That’s already a headache — but the bigger problem is that the distinction between “Primary” and “Promotion” seems pretty damn arbitrary.

For marketers in the business-to-consumer realm, who might have many Gmail addresses in their email mailing lists, this can be a real problem.

Marketers turn to direct appeal

Marketers are already trying to spread the word to users on how to get their emails to display in the “Primary” tab. I subscribe to uber-marketing guy Chris Brogan’s email and yesterday I got one of his emails, with this subject line: “If you’re a GMAIL user, you might be missing our letters”.

The email links to this video by Social Media Examiner’s Michael Stelzner, How to disable Gmail tabs.” The short video shows how to move emails over to the Primary tab from the Promotion tab.

Stelzner’s video is good – but he also missed a simple fix. Simply go into the tab settings (by clicking the plus sign on the far right of the tabs) and simply uncheck/unselect “Promotions” — this puts everything in the Primary tab.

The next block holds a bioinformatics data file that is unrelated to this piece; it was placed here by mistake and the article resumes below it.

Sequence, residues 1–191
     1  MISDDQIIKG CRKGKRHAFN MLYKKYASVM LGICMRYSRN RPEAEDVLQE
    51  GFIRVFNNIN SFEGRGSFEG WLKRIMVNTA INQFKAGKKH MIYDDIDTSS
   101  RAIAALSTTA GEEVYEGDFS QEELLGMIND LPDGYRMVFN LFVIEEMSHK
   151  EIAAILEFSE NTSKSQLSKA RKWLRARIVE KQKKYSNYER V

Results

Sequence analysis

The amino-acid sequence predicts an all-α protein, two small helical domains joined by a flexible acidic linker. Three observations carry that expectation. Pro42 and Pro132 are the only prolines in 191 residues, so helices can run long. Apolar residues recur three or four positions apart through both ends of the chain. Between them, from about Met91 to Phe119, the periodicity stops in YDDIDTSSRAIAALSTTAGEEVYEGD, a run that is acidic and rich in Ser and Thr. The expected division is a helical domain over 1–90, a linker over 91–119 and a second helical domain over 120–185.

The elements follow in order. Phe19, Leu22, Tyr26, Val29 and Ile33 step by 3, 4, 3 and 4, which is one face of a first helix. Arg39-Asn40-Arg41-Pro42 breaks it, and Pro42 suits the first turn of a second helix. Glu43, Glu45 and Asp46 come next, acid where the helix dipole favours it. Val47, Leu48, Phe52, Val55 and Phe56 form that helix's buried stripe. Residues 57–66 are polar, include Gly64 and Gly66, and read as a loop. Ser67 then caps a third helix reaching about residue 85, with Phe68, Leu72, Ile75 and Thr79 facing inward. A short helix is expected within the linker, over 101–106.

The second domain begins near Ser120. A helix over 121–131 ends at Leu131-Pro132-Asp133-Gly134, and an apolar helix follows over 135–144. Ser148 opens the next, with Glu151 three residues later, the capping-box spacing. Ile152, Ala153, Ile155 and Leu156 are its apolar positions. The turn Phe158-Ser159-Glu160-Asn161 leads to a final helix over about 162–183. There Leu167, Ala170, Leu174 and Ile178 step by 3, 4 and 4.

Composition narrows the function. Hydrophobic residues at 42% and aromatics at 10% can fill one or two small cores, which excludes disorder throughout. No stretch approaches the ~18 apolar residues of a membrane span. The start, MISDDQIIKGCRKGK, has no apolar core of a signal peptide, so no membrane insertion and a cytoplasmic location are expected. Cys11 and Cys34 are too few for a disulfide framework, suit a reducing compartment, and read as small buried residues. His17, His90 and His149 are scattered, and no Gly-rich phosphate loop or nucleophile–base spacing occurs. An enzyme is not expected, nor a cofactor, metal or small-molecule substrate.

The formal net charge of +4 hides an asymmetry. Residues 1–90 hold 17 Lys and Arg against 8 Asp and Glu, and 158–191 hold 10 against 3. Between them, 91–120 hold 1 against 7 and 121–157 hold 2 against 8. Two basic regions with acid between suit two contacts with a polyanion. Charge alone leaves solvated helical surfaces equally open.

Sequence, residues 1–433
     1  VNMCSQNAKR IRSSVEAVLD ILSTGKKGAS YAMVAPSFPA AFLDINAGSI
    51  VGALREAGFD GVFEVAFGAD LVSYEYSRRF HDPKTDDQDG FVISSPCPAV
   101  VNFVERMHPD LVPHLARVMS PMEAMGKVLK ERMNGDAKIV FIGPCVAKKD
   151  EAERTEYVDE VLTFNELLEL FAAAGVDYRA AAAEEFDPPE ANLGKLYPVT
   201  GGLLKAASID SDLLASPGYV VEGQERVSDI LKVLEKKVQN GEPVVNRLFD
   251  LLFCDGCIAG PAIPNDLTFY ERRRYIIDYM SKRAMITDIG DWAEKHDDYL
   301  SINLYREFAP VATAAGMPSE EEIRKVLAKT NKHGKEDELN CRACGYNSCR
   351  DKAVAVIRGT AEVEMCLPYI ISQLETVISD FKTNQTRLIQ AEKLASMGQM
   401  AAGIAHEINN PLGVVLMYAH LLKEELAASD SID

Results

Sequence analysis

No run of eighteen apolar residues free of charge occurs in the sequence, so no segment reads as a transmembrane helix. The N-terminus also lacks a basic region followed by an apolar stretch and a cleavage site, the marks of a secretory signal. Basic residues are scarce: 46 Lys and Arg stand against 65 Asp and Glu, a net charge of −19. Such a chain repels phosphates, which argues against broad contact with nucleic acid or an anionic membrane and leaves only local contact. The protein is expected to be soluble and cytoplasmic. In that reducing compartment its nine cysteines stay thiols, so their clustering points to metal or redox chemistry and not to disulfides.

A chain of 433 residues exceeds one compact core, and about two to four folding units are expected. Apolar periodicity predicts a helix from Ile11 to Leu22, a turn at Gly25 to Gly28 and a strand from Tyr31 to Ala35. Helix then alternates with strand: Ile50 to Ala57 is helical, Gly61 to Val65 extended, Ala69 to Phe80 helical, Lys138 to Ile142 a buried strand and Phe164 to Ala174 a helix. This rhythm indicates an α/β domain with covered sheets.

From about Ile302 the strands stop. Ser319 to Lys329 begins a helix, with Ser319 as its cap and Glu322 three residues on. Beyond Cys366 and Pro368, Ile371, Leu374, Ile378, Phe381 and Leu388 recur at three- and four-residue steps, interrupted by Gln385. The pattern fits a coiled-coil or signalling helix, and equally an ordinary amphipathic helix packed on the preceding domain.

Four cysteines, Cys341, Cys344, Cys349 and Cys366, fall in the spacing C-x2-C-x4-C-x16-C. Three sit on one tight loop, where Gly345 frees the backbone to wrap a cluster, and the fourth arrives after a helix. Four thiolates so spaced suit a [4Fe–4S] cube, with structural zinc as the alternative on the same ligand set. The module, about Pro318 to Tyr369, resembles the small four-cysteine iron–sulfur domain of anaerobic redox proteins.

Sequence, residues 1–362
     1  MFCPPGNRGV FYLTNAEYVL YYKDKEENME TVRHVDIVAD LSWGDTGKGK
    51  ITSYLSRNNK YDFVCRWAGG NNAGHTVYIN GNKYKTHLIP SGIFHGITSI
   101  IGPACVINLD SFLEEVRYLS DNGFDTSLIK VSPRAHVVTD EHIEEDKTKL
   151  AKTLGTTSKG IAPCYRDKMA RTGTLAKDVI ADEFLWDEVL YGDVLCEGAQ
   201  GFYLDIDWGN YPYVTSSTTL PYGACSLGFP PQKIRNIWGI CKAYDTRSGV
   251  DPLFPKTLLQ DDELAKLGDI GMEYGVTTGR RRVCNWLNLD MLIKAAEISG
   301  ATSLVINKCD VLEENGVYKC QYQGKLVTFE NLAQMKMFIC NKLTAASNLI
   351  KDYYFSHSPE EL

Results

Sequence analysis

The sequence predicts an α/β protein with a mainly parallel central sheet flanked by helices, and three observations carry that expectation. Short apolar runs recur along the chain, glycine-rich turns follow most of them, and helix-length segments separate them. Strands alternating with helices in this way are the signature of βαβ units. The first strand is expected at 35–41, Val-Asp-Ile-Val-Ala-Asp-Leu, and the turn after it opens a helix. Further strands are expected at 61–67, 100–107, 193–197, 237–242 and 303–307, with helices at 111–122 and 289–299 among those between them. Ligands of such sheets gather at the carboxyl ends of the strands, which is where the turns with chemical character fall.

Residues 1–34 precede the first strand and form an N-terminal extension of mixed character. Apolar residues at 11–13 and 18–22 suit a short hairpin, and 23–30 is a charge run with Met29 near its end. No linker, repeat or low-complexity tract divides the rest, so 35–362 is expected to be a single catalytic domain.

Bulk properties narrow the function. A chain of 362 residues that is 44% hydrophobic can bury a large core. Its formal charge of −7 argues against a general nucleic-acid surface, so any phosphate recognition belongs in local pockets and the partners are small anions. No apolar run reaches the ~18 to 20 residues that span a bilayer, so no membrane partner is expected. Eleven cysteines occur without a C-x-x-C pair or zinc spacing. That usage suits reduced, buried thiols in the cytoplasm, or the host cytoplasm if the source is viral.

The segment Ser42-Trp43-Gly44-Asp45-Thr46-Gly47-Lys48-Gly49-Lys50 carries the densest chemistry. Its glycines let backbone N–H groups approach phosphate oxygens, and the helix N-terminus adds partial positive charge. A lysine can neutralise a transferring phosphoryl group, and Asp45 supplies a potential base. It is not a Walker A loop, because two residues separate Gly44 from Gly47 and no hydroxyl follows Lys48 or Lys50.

Google bites the hand

And to harp on my main point: Google’s new tabs are making life hard for marketers — and marketers are the ones shoveling huge dump trucks of cash into Google.

It’s hard to keep this in mind, but to people outside the marketing biz, Google is just this big “free” service with all these great goodies they dispense for free to everyone. Most people are only vaguely aware of how much money Google brings in from advertisers. (Last quarter, ended June 30th, Google took in $14 BILLION in revenue — up nearly 20 percent from the same quarter last year).

Maybe Google is doing the right thing — by focusing on the what the end user wants, it’s really doing a service for marketers.

This would be true … IF Gmail’s algorithm or whatever made a proper distinction between “Primary” and “Promotion” — which in my experience was way, way off — not even close. So now marketers like Brogan and Stelzner (and anyone else in the B-to-C realm) are in the unenviable position of asking Gmail users to “unhide” their emails.